The Telegraph
Since 1st March, 1999
Email This Page
Squabble time for politicians

New Delhi, May 17: The bottom fell out of the stock market on Manic Monday — but the politicians weren’t bothered that the retail investor was losing his shirt and had no hope of rescuing his investment by selling stocks that no one wanted to buy.

Instead, the politicians chose to bicker: the Left parties said a couple of market players, who were in cahoots with the outgoing BJP government, were clobbering stocks to spark a scare.

A.B. Bardhan, the CPI general secretary, sparked the war of words early this morning when he said that the market mayhem was “a deliberate attempt by the rightist forces to create a scare over the forthcoming change of government.”

Bardhan blamed some sections of the BJP and the Rashtriya Swayamsevak Sangh (RSS) for the stock market crash. He said the outgoing government had created a speculative bubble in share prices “to create the impression that India is shining”.

The BJP riposted that the Left had no real mandate to set the economic agenda for the nation — and in any case they weren’t joining the Congress-led government.

“Left leaders are making outlandish statements aimed at hijacking the mandate. This is indirect political pressure with an element of economic adventurism to disturb the sentiments of the market,” said BJP leader Arun Jaitley.

He hoped those drafting the agenda for the new government would keep this in mind and not allow themselves to be subjected to pressure from those, particularly the Left parties, who want to enjoy power without sharing responsibility.

“Those who understand the management of the economy should look at the outlandish statements made by the Left leaders that are undermining the confidence of the investors,” Jaitley said. “It is sad that such people should be in management of the economy.”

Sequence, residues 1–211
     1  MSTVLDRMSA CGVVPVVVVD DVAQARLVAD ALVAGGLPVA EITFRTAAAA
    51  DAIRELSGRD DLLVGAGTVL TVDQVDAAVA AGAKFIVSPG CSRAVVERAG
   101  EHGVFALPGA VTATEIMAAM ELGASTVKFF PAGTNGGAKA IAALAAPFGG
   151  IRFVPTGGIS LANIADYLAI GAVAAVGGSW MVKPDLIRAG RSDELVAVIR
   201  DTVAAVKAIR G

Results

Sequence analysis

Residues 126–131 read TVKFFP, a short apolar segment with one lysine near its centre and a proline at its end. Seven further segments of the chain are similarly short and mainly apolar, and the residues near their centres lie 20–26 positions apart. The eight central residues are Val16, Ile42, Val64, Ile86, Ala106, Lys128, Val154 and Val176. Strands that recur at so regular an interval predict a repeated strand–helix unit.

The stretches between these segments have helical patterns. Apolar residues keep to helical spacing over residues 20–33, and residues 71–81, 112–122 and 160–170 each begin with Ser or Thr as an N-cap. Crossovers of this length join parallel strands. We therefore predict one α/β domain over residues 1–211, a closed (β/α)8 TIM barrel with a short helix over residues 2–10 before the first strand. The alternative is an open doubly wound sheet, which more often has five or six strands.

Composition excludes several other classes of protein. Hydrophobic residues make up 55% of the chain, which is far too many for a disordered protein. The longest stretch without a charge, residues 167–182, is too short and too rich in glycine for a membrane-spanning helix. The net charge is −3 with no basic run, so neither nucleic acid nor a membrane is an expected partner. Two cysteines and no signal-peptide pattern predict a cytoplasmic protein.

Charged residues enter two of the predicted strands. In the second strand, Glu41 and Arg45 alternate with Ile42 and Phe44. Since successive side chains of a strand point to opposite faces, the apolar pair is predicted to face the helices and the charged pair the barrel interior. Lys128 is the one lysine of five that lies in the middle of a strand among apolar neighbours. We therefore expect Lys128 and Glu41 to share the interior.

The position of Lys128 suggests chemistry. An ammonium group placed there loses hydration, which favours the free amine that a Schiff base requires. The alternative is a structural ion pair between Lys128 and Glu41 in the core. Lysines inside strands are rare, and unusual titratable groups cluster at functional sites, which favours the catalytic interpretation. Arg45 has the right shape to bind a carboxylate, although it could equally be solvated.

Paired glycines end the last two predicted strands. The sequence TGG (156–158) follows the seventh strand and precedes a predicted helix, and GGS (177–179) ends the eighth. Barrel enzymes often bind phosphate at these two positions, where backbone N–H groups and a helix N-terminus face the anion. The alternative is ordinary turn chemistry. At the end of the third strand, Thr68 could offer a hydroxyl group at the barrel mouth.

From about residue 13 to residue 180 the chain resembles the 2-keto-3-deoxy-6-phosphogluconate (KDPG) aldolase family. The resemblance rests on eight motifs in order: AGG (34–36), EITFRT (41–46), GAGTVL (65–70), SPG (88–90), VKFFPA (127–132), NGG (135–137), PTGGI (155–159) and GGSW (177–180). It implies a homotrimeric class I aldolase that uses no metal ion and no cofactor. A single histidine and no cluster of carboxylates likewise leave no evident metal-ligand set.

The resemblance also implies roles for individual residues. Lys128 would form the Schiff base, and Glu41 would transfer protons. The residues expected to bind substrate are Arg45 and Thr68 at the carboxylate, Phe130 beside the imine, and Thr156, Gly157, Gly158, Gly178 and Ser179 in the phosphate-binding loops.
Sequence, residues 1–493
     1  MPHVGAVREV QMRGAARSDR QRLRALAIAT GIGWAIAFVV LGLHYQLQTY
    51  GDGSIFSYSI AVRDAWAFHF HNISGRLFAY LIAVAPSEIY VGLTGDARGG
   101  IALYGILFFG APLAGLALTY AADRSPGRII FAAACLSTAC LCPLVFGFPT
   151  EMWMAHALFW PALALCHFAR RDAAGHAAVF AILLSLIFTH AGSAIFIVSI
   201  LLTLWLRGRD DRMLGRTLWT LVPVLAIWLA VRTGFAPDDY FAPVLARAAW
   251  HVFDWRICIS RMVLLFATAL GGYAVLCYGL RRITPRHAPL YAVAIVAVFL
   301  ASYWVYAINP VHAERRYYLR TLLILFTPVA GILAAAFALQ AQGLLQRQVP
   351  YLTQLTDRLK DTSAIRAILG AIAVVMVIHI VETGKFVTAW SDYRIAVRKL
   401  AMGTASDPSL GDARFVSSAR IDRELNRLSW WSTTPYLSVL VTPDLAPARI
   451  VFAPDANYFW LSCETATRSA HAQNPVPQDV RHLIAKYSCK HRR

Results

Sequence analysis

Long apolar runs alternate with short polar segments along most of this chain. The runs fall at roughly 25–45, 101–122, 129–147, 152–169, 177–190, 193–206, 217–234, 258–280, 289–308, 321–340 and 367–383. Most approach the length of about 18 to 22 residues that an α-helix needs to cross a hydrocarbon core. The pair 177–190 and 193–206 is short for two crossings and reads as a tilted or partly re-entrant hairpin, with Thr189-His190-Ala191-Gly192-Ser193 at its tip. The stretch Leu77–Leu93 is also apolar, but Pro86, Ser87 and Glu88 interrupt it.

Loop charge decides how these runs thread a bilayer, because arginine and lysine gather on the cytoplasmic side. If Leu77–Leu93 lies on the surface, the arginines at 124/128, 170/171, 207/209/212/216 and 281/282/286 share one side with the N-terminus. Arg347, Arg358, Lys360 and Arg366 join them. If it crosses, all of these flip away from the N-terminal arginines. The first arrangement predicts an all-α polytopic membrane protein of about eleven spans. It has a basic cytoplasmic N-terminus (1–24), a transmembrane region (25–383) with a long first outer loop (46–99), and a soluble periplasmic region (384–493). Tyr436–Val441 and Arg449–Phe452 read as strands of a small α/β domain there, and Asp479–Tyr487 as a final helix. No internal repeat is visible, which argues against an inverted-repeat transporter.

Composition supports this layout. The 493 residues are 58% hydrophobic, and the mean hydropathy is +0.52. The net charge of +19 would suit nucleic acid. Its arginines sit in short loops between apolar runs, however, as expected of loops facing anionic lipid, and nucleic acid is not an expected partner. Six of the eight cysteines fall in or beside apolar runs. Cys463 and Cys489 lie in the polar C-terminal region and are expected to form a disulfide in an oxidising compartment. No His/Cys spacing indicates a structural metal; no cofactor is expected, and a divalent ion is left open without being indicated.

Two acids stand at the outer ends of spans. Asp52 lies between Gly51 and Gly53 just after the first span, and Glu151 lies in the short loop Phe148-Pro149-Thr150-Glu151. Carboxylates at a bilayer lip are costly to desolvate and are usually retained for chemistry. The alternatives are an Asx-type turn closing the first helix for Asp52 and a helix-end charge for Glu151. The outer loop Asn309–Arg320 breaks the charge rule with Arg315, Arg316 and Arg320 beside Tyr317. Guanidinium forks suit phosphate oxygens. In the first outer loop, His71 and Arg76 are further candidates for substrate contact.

The markets have wobbled all of last week ever since the Left aggressively set about trying to scupper the selloff of public sector units (PSUs) by raising the demand for the closure of the disinvestment ministry.

Manmohan Singh, the original architect of economic reforms in India and widely tipped to take over the mantle as finance minister in the new government, tried to once again reassure the frazzled markets by promising to put together a common minimum programme that would be “pro-growth, pro-savings and pro-investment”.

Bardhan also attempted to assure the markets that his party would play a “responsible” role in the government.

“There should be no apprehension about the Left’s role. We will form a government that will be stable,” he said. “Therefore, there is no reason for any section to be scared.”

But the market was in no mood to hear mere promises; it wanted clearly enunciated precepts. And that was something that no one was able to provide — at least not yet.

The nervousness in the market has been exacerbated by the dissonant voices that it has been hearing about the new government’s economic agenda. While the Left has spoken about an end to the selloffs, the Congress has been quibbling on the issue. It has said there would be no disinvestment, but selective privatisation would continue.

The politicians said they were mystified by the market’s visceral reaction to the developments in Delhi. “I cannot understand the panic in the market,” said Congress leader Pranab Mukherjee. “It’s just an overeaction.”

Nilotpal Basu of the CPM said: “What’s new' The market has fallen even during the NDA government’s regime. In any case, I am told the Asian markets are falling and that this is part of a secular trend.”

Bardhan said the foreign institutional investors were to blame. “The foreign investors have been selling heavily.” He said there had been an irrational exuberance in the market that speculators had whipped up ahead of the elections and that was why the market was now falling. “It’s okay; there’s nothing to worry about.”

Mukherjee said the Congress government was shooting for 8-10 per cent growth in gross domestic product and its thrust would be on boosting industrial and agricultural growth. When asked for specifics, Mukherjee said: “Wait for common minimum programme.”

There is no clear idea when the common minimum programme will be ready. Singh said it would take three to four days. Mukherjee, who has the responsibility of preparing the draft along with Singh, said it would take four to five days.

The market — which collapsed in two brief trading sessions of just 17 minutes before the state-owned financial institutions started buying stocks under instructions from the finance ministry to prop up the faltering bourses — could founder again unless the twaddle ends and some clarity emerges.

Email This Page